And "Thinkin Bout You" is right at the start as well. So the intent is stated. Well, after the weirdly evocative Playstation start music, plugging me into Tekken 3 and 1997. Why is there a track called "Fertilizer"? I'm not sure how well stitched-together Frank's mind might be.
"Sweet Life" is brassy and warm and tinkles soft with electric piano. It's like there are chunks of Curtis Mayfield that have been lifted out and reworked. Another one of the periodic reshufflings of soul/R&B - like The Neptunes or Marvin Gaye or Prince. Maybe not such a big leap, but you get the idea. I can't quite settle on where "Pyramids" is pitched - ideas are drifting about. There's a beautiful uncertainty in his voice, which sits well on top on the rolling synth buzz. I think it's re-locating Cleopatra to somewhere like Las Vegas, which is a neat idea. And it's in no hurry to get anywhere. There is plenty of space to explore. Ocean by name... Frank by name for that matter...
I wonder why I like this stuff, the smoothery, so much more now than I think I would have done as a younger lad. I imagine I would not be interested in what I saw as a lack of drama in the music. I always loathed soul music in the Eighties. Maybe I'm happier now. "Super Rich Kids" seems a strange angle to come from. In fact, most of the lyrics across the album seem concerned with estrangement and a sense of disassociation, just like we imagine the rich brats. I can taste the ennui on the back of my tongue, life trajectories rounded by success back up their own arses. "Real love/I'm searching for a real love" as the piano stamps with a Seventies intensity over Taxi Driver trumpets.
I really enjoy the fact Frank knocks about creatively with Odd Future. It's such an odd grouping, suggests people challenging each other. Puts me in mind of Outkast. "Crack Rock" loops about on old drums and older organ stabs. There's a similar urgency to "Lost" as well. And the same global scale: Los Angeles to India and Tokyo. An international blur. "Monks" is a bit of workout, lyrics about monks in the pit, "moshing for enlightenment" and "a coke-white tiger" sent to guard him.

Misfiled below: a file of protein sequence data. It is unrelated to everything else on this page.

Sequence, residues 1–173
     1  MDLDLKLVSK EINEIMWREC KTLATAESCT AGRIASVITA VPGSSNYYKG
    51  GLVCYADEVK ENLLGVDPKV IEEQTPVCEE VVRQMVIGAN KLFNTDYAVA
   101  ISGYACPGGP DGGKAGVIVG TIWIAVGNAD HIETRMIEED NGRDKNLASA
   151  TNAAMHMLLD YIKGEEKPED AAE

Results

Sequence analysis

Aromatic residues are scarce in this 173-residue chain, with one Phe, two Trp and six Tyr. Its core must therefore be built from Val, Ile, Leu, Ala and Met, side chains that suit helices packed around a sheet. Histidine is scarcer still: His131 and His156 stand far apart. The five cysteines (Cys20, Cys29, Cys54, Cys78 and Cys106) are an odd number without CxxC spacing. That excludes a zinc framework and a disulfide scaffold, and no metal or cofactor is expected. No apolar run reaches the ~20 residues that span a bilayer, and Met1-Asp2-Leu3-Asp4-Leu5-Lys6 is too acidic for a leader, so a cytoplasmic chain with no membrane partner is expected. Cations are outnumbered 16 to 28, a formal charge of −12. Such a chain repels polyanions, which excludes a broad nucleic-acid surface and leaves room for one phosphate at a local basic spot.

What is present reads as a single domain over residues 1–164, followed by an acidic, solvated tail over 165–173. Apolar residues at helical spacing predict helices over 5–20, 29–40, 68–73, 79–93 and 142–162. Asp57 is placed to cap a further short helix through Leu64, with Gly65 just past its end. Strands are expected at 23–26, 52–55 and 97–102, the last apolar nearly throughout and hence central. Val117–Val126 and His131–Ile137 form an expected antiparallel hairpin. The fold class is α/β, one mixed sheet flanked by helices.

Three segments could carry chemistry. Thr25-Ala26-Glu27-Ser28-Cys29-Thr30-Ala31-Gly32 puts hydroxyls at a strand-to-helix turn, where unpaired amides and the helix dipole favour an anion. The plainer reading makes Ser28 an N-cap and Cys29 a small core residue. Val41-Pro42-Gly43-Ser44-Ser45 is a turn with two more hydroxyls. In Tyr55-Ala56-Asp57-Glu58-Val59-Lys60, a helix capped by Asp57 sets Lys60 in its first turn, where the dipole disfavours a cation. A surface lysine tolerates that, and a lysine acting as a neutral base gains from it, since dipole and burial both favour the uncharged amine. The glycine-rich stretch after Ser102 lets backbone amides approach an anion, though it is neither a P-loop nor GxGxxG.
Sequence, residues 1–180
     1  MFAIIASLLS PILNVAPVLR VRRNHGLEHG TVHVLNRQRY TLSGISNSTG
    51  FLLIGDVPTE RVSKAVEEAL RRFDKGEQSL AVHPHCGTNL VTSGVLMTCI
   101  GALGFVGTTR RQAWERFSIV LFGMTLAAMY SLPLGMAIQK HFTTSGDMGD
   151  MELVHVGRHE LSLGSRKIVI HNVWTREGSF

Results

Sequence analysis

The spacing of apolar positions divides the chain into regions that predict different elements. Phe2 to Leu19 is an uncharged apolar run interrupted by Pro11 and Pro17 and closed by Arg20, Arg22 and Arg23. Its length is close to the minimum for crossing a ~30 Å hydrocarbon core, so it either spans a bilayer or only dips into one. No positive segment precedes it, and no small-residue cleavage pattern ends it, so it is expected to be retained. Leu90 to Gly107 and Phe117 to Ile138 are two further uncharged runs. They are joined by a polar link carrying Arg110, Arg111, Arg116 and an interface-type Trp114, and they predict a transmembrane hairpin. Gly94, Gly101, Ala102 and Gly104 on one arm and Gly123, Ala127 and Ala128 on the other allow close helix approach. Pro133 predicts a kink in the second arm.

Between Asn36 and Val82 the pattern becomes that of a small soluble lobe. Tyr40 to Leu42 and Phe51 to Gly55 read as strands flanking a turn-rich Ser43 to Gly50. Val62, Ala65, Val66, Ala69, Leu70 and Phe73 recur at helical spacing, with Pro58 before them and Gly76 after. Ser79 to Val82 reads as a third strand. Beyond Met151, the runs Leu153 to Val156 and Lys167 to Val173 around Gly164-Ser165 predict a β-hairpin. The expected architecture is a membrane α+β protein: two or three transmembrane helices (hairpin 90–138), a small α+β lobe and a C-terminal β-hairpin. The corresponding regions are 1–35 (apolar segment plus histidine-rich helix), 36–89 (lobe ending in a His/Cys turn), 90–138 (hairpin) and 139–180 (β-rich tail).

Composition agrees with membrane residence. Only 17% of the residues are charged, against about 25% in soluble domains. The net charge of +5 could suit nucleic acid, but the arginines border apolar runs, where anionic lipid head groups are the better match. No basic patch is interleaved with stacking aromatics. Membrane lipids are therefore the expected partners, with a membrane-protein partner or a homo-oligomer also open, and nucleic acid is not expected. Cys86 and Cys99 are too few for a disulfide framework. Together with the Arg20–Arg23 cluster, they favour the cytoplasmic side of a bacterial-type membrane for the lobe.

"If it brings me to my knees/It's a bad religion/.../It's a bad religion to be in love with someone who can never love you." He's not having a great time, is he?
Philosophical kicking about on "Pink Matter" with Andre 3000, his happier musical cousin, and some tangy, psychedelic guitar sounds, stretching out across the gulf of lonely understanding. It cuts off sweetly sudden-like too. "Forrest Gump" is mingling surprises again, lust and tenderness and longing working together keenly.
"End" sounds ill, sounds like the Odd Future virus has snuck in and ravaged underneath the smooth, sad vibe; bubbled it with angry rusting bile. And it ends with someone ending the day. A really remarkable album, although I can't pick out what the remarks should be on.
Rating: Beautiful Uncertainty out of Dark Smoothery